He supports school choice options like homeschooling, tax credits, and vouchers. When it comes to charter schools, Labrador said he wants to make them more competitive and innovative. If elected, he said, he would conduct a review of the Public Charter School Commission, “to make sure government isn’t standing in the way of education choice.”

Labrador said teachers should be allowed to have guns in their classrooms. But he also emphasized mental health issues and a lack of good male role models as factors in gun violence.

Brad Little, Republican

Brad Little (Credit: Brad Little via Flickr)

Little, 64, is lieutenant governor of Idaho and a former state senator. Like the other candidates, he has emphasized the need to prepare Idaho students for Idaho jobs with more vocational and CTE training, certificates, and competency-based learning. He also supports allowing colleges to keep sales tax generated on their campuses to reduce tuition.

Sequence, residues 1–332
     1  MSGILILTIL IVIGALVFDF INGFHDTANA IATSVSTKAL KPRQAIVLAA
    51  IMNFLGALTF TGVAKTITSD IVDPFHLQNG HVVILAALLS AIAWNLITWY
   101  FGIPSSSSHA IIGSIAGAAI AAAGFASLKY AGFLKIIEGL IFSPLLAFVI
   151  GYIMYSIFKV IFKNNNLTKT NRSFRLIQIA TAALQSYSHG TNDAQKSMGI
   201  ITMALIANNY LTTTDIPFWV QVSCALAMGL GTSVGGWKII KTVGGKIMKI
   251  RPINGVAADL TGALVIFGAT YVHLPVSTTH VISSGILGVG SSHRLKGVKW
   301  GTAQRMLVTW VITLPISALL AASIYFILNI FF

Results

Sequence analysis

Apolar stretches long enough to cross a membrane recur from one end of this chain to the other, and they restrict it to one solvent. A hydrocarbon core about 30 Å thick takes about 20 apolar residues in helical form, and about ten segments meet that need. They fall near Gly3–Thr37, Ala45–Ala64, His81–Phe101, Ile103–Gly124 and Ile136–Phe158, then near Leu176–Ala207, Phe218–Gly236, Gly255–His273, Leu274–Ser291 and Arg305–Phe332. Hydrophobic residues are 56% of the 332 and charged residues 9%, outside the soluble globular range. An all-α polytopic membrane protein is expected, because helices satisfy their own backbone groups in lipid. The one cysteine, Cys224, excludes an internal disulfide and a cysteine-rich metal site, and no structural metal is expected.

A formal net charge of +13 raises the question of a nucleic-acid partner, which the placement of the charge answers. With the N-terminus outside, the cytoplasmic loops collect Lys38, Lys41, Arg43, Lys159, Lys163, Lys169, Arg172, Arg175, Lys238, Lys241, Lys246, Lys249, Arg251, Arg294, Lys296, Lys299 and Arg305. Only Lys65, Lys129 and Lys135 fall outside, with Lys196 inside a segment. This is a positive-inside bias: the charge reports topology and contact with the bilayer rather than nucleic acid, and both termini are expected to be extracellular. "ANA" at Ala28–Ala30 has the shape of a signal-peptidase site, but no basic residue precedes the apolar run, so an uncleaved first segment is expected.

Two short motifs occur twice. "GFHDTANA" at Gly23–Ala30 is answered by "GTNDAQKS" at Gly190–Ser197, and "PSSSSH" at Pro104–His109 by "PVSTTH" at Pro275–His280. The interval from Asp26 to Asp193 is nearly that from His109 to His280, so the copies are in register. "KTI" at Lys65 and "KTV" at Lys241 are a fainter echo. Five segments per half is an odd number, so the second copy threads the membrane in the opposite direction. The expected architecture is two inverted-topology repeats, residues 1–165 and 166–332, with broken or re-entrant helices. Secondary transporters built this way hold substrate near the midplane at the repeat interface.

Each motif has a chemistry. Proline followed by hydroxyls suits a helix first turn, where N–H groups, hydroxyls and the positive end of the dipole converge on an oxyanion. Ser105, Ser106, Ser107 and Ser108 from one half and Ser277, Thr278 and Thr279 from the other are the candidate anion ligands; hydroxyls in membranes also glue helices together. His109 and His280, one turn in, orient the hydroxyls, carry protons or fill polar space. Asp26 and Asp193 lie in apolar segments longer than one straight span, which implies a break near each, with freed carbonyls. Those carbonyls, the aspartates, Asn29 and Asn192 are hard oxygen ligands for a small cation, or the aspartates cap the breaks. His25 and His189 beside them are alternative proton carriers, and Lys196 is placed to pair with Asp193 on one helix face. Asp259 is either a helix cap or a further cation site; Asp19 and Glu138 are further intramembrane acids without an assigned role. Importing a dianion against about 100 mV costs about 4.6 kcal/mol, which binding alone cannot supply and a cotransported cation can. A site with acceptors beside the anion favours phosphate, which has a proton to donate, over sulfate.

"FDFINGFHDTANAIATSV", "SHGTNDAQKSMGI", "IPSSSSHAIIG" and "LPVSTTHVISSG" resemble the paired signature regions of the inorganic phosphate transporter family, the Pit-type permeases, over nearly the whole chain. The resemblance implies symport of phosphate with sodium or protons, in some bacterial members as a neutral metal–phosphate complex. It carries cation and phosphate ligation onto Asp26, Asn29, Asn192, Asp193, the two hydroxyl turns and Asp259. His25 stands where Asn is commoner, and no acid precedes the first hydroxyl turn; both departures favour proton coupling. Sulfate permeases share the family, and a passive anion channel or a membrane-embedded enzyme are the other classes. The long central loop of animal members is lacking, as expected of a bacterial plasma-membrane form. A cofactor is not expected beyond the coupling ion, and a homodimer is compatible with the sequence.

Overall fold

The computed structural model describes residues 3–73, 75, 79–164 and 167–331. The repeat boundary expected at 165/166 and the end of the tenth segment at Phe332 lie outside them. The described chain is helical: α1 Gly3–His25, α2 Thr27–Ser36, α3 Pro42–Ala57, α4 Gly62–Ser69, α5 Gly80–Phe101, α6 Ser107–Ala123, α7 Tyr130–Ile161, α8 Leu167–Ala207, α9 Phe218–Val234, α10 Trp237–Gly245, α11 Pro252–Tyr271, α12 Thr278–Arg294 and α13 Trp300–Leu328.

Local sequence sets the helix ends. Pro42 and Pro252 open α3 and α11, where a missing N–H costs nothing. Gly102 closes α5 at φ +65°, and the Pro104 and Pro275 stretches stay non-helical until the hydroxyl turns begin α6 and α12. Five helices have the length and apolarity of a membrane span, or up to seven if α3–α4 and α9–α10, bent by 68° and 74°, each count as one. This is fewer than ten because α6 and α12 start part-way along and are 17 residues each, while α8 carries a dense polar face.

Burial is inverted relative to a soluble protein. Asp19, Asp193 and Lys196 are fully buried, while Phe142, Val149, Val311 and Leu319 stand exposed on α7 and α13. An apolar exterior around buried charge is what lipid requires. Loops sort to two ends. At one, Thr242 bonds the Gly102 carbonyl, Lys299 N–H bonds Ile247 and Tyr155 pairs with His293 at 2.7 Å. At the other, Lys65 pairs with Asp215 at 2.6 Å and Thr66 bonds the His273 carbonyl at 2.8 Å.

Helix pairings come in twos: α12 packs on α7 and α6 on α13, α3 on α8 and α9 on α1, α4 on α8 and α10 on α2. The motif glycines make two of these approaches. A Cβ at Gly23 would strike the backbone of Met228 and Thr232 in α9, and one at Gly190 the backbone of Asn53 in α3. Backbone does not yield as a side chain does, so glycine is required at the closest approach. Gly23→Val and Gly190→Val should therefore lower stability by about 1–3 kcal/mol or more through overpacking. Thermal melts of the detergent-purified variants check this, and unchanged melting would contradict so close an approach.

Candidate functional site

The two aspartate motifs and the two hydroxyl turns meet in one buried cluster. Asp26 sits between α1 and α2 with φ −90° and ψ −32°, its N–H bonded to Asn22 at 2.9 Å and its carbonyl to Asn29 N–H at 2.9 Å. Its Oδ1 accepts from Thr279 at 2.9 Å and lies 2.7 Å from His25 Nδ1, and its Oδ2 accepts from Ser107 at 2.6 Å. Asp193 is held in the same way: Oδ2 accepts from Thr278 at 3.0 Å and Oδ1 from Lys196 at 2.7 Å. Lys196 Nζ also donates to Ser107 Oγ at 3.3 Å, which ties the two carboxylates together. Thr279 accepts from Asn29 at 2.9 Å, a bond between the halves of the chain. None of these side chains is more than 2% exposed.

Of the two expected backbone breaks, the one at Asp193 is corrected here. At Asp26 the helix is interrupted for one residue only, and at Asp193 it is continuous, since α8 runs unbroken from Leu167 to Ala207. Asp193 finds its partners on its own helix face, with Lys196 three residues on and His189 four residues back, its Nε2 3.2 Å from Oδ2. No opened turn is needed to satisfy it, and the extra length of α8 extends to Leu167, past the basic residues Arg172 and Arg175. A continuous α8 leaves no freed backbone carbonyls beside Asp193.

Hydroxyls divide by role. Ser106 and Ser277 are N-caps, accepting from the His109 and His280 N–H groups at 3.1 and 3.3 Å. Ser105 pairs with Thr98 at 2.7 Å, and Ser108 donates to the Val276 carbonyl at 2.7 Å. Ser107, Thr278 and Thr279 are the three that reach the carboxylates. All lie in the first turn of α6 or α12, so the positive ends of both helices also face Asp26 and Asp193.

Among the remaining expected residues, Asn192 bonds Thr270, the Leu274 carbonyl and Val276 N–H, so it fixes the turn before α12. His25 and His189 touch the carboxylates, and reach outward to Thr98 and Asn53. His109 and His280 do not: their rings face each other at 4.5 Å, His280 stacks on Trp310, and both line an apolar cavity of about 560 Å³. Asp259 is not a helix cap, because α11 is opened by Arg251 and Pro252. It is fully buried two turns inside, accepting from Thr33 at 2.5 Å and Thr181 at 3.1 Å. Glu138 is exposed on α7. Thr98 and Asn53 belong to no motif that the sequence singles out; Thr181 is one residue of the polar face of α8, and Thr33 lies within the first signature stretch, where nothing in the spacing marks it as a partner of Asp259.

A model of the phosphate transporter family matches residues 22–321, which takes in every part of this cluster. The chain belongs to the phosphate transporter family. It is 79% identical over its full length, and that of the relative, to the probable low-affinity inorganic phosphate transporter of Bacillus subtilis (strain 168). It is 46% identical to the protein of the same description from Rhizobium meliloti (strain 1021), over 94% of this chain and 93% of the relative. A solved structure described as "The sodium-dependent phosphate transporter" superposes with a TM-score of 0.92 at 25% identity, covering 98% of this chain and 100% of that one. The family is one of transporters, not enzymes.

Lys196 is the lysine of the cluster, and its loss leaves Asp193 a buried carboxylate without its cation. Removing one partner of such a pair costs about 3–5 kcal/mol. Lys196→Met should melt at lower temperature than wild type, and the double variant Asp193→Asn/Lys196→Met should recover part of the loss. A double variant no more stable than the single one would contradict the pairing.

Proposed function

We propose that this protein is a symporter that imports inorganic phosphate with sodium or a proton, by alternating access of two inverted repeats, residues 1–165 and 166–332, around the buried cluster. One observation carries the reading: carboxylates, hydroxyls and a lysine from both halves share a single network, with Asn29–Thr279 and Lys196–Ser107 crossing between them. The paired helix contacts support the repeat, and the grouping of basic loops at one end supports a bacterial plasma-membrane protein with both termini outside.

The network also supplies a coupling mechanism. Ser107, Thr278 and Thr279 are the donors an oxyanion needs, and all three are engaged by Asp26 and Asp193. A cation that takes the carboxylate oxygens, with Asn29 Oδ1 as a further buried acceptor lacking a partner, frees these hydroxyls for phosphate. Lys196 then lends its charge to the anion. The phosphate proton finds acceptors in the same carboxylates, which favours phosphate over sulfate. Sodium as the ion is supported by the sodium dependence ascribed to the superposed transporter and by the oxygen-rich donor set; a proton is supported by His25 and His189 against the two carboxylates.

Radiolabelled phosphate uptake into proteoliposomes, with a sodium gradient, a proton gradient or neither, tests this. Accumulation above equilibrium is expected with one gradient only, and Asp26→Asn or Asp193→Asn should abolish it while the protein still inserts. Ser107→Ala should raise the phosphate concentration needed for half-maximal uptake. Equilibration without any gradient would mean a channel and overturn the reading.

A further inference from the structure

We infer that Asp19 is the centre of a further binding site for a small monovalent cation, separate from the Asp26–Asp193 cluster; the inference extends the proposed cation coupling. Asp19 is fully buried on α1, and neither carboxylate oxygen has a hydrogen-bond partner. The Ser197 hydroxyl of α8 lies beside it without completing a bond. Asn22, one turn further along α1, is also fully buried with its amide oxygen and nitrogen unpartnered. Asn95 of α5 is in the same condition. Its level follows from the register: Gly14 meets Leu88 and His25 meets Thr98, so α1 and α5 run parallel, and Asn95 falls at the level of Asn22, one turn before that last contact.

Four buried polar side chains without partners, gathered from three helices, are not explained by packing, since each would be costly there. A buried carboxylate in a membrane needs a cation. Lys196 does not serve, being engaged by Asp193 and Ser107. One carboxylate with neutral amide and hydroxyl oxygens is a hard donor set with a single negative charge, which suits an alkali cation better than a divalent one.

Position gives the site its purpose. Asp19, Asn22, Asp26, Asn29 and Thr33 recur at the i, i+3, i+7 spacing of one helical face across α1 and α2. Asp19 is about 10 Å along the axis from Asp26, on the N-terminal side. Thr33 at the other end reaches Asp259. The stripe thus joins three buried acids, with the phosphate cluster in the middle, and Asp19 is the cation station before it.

“We’ve got a fundamental obligation in our constitution to get these kids trained,” Little said, according to the Post Register.

To help schools in rural areas, he has proposed encouraging resource-sharing among districts as well as offering signing bonuses to teachers as an incentive to work in these schools. He said he is committed to strengthening broadband services in rural areas.

He wants to increase teacher pay and has proposed raising starting salaries to $40,000. He also thinks pay increases should be linked to performance outcomes like student growth.

Responding to gun violence in schools, Little said solutions should lie in boosting mental health options for students, improving background checks, and making schools safer by installing cameras and armed officers.

Although he isn’t against vouchers, Little said he opposes taking money away from public schools and has critiqued the disruption they could cause in rural areas.

Little did not respond to a request for comment.


Go Deeper: More previews of key 2018 races that could shape American education The74Million.org/Election.